I do understand that there are all kinds of good and reasoned arguments why that view is skewed ( and I have read a good many today) but the fact remains that this is very much how many people see it. And many will vote to support those changes. And the Govt know this which is probably why they have hitched themselves to the Philpott bandwagon .

Dawndonna Fri 05-Apr-13 21:57:26

And then they see those on benefits and the Philpott's of this world
One does not equate to the other and it is surely up to those with brains to educate those who think otherwise. So, everytime you hear someone going on about the Philpotts and benefits:a) put them right and b) point out that there are those of us on benefits who work damn hard for a pittance and save the government a fortune. I get carer's allowance. It's the only benefit I get. I look after four people with disabilities, for £53.00 per week.
50% of the benefits bill goes on pensions.
But you want people to vote that way, don't you Jenny so education will not be on your agenda.

jennywren45 Fri 05-Apr-13 22:05:24

If we are going to debate benefits the you have to be upfront.

If you are full time caring you will not be living on just £53 a week. i presume you have other benefits including Housing, child, TC?

I am not disputing you should have them for a minute, but it is disingenuous to suggest you are living on significantly less than you are.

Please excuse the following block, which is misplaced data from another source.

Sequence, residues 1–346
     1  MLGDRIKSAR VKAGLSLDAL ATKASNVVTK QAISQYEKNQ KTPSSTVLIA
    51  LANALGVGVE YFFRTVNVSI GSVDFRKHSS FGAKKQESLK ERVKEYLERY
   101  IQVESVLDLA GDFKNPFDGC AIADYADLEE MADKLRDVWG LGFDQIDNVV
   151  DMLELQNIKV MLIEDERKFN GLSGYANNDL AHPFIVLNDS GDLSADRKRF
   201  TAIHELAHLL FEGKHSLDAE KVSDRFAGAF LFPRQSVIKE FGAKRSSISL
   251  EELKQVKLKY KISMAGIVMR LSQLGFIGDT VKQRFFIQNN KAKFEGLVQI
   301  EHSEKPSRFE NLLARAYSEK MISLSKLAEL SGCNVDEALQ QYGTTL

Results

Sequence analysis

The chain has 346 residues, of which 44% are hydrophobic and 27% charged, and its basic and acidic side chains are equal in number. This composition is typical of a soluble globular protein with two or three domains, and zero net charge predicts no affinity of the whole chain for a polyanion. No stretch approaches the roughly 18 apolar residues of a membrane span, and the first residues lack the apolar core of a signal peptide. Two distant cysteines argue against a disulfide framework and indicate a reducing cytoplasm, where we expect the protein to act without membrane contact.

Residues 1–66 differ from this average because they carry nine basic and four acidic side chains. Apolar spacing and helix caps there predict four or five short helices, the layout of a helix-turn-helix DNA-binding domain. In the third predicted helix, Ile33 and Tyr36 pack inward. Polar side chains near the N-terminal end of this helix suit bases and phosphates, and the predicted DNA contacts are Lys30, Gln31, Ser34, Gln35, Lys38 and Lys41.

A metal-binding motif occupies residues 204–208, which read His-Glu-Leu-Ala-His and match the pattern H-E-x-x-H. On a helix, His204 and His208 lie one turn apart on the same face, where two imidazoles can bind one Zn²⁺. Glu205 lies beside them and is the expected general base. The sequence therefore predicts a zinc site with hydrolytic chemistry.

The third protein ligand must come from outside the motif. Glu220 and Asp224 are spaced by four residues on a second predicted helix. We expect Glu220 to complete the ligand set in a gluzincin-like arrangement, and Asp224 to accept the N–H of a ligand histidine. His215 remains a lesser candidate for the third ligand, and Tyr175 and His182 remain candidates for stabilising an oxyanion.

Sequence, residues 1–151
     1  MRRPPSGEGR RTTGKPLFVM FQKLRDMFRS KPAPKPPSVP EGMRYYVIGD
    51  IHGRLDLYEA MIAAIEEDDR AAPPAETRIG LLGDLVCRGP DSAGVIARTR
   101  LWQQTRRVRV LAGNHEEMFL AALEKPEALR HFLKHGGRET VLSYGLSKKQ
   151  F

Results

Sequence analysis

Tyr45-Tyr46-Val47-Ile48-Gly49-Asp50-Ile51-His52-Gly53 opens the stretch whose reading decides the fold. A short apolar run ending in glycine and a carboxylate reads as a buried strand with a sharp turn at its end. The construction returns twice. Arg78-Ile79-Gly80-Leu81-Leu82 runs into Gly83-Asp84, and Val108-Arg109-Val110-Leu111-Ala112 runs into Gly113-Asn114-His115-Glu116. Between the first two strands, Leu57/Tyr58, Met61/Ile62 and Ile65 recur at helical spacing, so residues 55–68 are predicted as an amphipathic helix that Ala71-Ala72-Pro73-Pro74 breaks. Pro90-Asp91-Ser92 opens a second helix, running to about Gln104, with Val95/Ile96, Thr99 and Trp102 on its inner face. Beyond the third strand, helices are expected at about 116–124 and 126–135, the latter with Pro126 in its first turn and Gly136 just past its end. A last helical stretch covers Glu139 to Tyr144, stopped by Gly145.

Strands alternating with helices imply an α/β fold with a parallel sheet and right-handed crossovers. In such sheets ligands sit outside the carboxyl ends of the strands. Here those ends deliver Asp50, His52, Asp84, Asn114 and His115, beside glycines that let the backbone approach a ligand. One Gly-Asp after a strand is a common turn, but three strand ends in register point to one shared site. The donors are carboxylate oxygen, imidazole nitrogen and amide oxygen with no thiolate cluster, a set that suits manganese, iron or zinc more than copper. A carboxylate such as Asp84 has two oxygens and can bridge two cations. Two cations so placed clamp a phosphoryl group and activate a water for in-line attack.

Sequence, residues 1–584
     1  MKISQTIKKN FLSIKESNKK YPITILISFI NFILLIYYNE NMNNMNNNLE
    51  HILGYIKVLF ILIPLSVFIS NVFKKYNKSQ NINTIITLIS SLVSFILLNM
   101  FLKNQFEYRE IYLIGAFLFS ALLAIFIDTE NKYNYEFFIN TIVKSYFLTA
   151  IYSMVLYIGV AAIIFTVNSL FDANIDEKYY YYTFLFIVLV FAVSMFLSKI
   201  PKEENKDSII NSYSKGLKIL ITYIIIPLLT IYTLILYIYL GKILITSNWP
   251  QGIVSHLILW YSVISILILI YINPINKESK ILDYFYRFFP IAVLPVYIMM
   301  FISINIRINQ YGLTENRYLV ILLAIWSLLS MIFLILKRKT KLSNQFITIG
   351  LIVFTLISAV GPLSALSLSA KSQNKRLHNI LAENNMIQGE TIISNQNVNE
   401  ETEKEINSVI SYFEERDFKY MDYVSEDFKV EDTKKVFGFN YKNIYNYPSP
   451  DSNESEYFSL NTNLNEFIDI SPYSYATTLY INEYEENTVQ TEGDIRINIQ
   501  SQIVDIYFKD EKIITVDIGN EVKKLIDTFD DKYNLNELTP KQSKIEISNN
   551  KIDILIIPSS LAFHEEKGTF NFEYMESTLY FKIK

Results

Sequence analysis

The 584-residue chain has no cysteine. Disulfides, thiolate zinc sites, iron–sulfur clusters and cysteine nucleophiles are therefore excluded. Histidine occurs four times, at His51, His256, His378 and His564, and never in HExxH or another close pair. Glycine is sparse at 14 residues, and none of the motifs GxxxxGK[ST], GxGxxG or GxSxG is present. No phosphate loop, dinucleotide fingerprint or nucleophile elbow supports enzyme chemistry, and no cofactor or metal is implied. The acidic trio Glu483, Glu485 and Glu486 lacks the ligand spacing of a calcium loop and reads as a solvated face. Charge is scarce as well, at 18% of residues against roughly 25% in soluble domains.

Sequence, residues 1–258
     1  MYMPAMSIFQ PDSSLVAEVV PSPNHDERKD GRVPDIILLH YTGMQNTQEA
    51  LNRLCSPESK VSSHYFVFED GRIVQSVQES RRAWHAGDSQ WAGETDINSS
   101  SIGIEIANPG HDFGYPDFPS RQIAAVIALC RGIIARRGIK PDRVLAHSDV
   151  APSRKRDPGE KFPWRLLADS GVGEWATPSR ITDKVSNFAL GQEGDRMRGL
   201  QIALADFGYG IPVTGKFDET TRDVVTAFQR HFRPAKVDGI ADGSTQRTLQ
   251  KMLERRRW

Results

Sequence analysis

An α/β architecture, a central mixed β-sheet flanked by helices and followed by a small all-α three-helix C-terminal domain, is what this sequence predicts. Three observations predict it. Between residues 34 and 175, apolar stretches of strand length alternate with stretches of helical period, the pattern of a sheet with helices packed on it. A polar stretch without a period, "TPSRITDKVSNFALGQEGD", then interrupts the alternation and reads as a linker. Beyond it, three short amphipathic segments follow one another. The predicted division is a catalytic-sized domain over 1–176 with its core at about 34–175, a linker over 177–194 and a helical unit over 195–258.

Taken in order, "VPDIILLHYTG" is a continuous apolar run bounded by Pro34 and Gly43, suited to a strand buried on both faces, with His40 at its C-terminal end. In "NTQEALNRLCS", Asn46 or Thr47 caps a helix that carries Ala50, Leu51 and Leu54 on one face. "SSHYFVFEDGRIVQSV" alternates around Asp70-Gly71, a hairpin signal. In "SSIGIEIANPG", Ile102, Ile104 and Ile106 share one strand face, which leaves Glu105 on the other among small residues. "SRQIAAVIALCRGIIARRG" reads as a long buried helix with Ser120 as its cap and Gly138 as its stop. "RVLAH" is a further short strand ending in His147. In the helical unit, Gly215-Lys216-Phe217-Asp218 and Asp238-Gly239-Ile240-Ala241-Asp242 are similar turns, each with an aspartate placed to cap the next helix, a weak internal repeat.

And Dawn, the welfare state is there for exactly people like you and your family. Those that need support not those that choose not to work.
But yes, as a tory I want to see them stay in power, of course.

AnAirOfHope Fri 05-Apr-13 22:08:15

Some facts

3% of the budget is spent on benefits

0.07% is fraudlent claims

50% of that 3% is pensions

Only 190 families have 10+ children out of 52bn people in UK

3/4 recieving of the 50% are in work/paid employment

1.5m are on jsa with no job to get eg they are unemployed cos there is no job available for them.

Dawndonna Fri 05-Apr-13 22:11:01

I have none of those benefits, Jenny not one. I am lucky enough to be financially independent. Not that it's the business of anybody here.
I am still counted as benefit scrounging scum in the figures though, DH gets DLA, as do dcs. But it's interesting isn't it. YOU presumed I was getting everything else too, you even stated so.
I was not implying that I was living on less than I am. I was stating that the government pays me a pittance for what I do. It works out as .37 pence an hour.

AnAirOfHope Fri 05-Apr-13 22:11:26

Not all the 190 families with 10+ children are on benefits.

jennywren45 Fri 05-Apr-13 22:11:38

It's over a third on Welfare. More than education, NHS or defence.

In fact, we spend more on welfare annually (200bn and counting) than we take in income tax.

jennywren45 Fri 05-Apr-13 22:14:10

Dawn, well yes, your family ( quite rightly) get additional benefits so as a family you are supported.